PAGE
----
I’m held fast in the machine again and I don’t want to cry but I saw what I saw.

“And (whirr) stop breathing…(three clicks)…and breathe.”

She assured me that the images were going straight to the radiologist, and if he wanted to get an ultrasound they would do that right away, today. This was starting to sound serious. I sat in the waiting room with a copy of Oprah’s gift list that smelled too much like Elizabeth Taylor perfume. And I tried not to think about Christmas next year or this year and what it might look like for my little boy, who loves the tiny tree in his room so much that he falls asleep in its soft glow every night.

Then Molly stuck her head in a different door and called my name. Out in the hall, she said, “We’re going to go ahead and do an ultrasound today.”

As I lay on the table, the computer behind Molly cycled through the screensaver of slides that I publish for the hospital–meetings, recognitions, announcements, reminders. All that stuff I spend so much energy on. All that stuff that fills up my days. I stared at the mural on the wall, a hexagonal window with a white orchid resting on the sill. Molly began clicking and tapping Enter and clicking and dragging and tapping again. Taking the measure of things. That sound that I hadn’t heard since my babies were growing inside.

Then I waited for the doctor to look at whatever Molly had marked. I stared at the picture of an orchid in the picture of a window in a quiet room so that I wouldn’t think about the white constellation inside.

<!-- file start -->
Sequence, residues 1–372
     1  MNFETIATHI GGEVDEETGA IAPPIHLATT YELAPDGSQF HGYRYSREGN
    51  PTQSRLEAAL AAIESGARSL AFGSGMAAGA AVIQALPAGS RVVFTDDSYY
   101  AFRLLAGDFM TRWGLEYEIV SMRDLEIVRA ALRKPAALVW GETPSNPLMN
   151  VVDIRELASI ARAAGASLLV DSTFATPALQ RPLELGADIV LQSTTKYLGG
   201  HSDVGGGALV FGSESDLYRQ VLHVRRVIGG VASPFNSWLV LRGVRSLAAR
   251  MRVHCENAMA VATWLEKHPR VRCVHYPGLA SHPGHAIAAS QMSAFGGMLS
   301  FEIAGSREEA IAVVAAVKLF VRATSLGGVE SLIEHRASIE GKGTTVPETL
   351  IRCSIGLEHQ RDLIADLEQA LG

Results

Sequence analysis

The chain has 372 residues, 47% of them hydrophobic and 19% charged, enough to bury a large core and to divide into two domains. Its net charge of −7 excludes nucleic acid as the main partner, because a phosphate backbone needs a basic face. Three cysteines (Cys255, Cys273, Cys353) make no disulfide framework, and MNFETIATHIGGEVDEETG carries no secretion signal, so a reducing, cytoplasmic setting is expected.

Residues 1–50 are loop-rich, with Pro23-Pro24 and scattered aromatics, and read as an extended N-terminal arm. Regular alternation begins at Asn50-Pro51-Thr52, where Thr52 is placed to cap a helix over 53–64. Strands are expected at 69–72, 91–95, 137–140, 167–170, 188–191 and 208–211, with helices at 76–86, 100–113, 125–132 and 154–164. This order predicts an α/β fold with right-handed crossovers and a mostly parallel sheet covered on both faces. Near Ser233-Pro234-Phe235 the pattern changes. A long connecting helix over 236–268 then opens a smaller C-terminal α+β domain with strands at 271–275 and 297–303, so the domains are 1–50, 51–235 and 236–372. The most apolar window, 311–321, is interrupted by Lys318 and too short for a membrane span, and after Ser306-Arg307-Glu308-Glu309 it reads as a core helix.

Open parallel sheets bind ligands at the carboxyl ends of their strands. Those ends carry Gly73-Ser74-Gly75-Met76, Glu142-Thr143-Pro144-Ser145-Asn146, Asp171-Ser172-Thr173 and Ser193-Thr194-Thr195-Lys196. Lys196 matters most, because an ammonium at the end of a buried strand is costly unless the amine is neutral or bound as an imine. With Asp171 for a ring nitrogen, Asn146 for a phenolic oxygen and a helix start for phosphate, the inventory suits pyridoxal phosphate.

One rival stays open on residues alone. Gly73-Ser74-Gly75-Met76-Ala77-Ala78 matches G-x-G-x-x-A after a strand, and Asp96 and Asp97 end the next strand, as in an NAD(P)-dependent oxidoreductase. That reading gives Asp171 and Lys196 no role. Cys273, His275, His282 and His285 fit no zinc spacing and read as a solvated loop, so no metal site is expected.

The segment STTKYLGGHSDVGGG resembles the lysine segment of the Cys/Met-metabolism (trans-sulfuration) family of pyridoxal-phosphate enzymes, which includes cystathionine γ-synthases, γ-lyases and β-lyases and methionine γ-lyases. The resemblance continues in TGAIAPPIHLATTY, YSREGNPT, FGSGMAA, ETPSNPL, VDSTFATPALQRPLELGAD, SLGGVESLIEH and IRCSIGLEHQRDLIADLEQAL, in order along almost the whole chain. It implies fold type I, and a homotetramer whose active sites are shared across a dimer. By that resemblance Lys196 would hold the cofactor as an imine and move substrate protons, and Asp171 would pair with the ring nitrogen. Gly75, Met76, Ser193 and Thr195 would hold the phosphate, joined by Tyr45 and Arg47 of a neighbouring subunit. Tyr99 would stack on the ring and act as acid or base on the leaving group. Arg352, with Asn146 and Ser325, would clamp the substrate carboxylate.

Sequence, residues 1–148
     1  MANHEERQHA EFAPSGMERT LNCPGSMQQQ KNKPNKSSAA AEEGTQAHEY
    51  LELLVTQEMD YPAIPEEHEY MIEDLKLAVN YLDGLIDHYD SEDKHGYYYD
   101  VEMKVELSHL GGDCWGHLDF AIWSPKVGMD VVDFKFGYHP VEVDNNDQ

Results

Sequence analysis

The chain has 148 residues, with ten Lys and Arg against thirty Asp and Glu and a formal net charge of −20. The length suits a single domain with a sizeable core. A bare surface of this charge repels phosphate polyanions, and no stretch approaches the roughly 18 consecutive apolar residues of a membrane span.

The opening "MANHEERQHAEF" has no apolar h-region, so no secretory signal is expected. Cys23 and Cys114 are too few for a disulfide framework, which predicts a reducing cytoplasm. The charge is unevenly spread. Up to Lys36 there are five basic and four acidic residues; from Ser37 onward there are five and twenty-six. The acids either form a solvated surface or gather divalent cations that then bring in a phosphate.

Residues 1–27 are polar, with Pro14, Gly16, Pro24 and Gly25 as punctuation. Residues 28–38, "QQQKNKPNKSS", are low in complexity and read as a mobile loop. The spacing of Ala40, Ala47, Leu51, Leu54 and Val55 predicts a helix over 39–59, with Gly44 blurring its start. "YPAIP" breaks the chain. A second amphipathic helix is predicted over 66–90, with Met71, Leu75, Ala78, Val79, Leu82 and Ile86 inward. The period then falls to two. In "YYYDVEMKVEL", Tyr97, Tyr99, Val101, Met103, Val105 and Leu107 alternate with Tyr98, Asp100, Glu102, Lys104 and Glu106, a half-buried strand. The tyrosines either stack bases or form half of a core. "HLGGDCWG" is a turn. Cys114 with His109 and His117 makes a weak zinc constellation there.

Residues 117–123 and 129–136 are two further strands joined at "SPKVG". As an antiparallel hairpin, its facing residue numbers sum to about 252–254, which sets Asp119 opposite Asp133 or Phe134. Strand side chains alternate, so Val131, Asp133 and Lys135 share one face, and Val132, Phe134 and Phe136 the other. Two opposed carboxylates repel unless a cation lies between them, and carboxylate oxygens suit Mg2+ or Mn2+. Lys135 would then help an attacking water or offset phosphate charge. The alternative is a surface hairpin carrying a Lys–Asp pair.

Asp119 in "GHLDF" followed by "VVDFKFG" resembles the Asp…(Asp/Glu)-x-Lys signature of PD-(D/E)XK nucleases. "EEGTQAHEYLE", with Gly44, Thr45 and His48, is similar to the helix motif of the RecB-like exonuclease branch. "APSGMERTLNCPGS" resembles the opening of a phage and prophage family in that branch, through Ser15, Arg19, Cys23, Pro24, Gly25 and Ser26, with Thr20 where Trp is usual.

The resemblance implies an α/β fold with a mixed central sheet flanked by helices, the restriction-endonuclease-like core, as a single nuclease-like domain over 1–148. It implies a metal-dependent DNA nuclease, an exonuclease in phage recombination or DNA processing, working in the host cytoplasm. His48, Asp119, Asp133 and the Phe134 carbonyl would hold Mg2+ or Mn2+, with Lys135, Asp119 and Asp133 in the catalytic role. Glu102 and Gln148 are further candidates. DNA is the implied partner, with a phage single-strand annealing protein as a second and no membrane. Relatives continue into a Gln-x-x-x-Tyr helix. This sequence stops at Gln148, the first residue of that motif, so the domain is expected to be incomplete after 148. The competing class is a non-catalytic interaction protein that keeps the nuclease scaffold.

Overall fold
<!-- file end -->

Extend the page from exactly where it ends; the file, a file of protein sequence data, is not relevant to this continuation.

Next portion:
I hadn’t even told G where I was going–he had a toothache. I had a 2:30 meeting to get to. Would I go there, relieved? Would I go there knowing that I had a biopsy scheduled in a few days? Would I not even show up because it’s really hard to care about a meeting when you might have cancer?

Cancer. I started thinking about that quiet wait when I sat in one room while Richard sat in the other to hear The News. I laughed at those old cancer pants (that are still in my closet). I looked down at my plain black pants and then said, “Stop this. You’re being stupid.”

Or you’re not. OK, fine. If this is it and everything in my life is about to be flipped upside down, I’m not giving up. Little Gay will be the first person that I call. It’s her awful job in our family–being the doctor.

I wouldn’t be alone. I started naming all the women I know who are years and years and years past this quiet room where you wait on the doctor. Jo and Chris and Debbie and the other Debbie and Susan and the other Susan and Dominique.

And Gleam. And that friend’s mom and the other friend’s mom. Wait wait wait, don’t think about them. I cry. I cry for the tiny red and white elf Christmas ornament that Gleam brought me from Europe, that last trip she got to take with her daughter.

Don’t worry about things that aren’t true. Don’t. Just breathe.

And stop breathing.

Because the doctor walks in. Molly is with him and I brace myself.

He waves the wand and studies the screen. He declares it nothing to be concerned about. It’s dense tissue and some kind of cyst something something and I can’t hear because all I can feel is the breathing going in and out and my breathing sounds like laughing. I say, “Are you sure sure? Can we do a biopsy just to be sure?” He tells me to come back in six months and quit worrying about it.